Jasper in January is an annual festival scheduled smack-dab in the middle of winter for those brave enough to celebrate the cold instead of running off to the beaches of Mexico.
"We don't all have to hibernate throughout the winter," says Mary Darling, a spokeswoman with Tourism Jasper. "There's still things you can do."
Family fun, evening entertainment and outdoor adventures — many of them free — take place daily over two weeks, bringing the town of 5,000 to nearly double its size.
Picture it: making gooey smores over an outdoor fire, strapping on snowshoes surrounded by majestic mountains, throwing snowballs inside a pub while sipping a pint of beer, even sporting a Speedo while leaping into an icy lake.
"It's rejuvenating," says Peter Scott, a local electrician who plans to participate in his fourth Polar Bear Dip this Sunday.
Scott, who has Type 1 diabetes, says the charity swim raises thousands of dollars each year for diabetes research. And it's also just plain fun. Some of the 40 people who do the dip each year at Patricia Lake even show up in costume. Scott admits that one time he pulled on a ballet tutu and rabbit ears before diving in.
Once your body hits the water, he says, all you can think about is climbing out and making the dash to the warm-up tent.
Scott moved from the Ottawa area nine years ago and describes Jasper as one of his favourite places on Earth, "rustic and beautiful."
Nestled in the Rocky Mountains, Jasper is about a 3 1/2-hour drive west of Edmonton. To many, it's considered Banff's little sister. But that's not necessarily a bad thing. While Banff is crowded and commercial, Jasper is more quiet and laid-back.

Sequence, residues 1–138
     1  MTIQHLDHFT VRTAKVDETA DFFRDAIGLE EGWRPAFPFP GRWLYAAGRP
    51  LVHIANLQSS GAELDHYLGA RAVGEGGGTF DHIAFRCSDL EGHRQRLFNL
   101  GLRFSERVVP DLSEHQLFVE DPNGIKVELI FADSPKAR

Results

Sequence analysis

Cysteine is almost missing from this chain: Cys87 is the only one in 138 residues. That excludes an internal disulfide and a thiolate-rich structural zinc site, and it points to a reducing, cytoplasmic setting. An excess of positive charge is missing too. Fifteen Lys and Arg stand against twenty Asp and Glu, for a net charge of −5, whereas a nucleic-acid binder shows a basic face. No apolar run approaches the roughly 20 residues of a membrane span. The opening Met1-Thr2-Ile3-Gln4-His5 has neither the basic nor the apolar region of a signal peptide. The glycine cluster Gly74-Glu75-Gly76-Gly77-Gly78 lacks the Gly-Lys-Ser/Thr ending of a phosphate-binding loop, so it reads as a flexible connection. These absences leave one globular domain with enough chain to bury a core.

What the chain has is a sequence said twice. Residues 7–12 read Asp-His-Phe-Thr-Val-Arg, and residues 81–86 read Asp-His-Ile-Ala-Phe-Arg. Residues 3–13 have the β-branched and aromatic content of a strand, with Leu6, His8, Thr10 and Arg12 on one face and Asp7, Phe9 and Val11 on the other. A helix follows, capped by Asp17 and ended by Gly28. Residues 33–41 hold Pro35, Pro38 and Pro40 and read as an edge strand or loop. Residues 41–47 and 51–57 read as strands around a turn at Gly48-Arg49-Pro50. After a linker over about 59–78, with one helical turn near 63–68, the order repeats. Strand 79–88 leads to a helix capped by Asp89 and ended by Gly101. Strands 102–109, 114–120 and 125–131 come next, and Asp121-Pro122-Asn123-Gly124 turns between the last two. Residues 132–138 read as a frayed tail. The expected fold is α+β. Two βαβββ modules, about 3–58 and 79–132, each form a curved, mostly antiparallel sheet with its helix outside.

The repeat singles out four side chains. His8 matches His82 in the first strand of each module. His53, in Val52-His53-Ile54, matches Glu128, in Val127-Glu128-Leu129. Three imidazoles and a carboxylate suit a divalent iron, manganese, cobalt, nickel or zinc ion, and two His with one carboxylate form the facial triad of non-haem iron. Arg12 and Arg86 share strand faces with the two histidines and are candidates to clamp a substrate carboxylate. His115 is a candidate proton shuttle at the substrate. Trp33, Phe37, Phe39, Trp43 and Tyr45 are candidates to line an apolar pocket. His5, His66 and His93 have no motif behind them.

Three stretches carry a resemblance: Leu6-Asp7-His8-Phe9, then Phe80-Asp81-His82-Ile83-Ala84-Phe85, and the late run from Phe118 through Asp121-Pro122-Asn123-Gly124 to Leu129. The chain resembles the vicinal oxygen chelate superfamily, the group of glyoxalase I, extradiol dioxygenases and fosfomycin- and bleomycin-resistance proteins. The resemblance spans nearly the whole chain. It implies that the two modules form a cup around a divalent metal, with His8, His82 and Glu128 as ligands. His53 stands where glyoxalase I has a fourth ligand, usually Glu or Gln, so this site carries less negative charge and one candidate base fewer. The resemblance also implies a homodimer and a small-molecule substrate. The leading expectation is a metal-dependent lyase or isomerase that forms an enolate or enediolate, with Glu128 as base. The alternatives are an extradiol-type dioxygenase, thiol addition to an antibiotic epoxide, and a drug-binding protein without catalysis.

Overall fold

History shows Jasper was a place where people lived before it became a travel destination. It was settled as a fur trading post, then designated a national park in 1907.
The addition of hotels, spas and five-star restaurants hasn't dampened its cosy and comfortable feel. And Jasper in January captures that allure, right from ice skating on a frozen pond to noshing on some homemade chili.
In fact, the chili cook-off this Friday night is the only event that has carried on each year since the festival started 24 years ago. Would-be chefs team up and mix pots of chili at the local activity centre, creating more than a dozen flavours that anyone can buy and sample.
Darling says the street party this Saturday is also one of the festival's most popular events. The town's main road is closed to traffic so vendors can sell food, such as burgers and pizza. There will also be street performers, Aboriginal drummers and other live music.
For the first time, liquor will be served from an ice bar along the way. And for those who need a different kind of warmup, there will be several fire pits going. People can roast marshmallows and settle around the fire with guitars to strum some tunes.
The night caps off with fireworks at 9:30 p.m. — early enough for the kiddies.
Darling promises the festival is bound to help people shake off those post-Christmas blues and enjoy the season before it's gone.
"It's really magical to be out in the winter and just renewing your energy about what you can do."
If You Go ...
Jasper in January runs through Jan. 27.
Most hotels are offering hot deals during the festival and Marmot Basin is also giving discounts on its ski lift tickets.
For more information, including a full calendar of events, check out http://www.jinj.ca or http://www.jasperinjanuary.com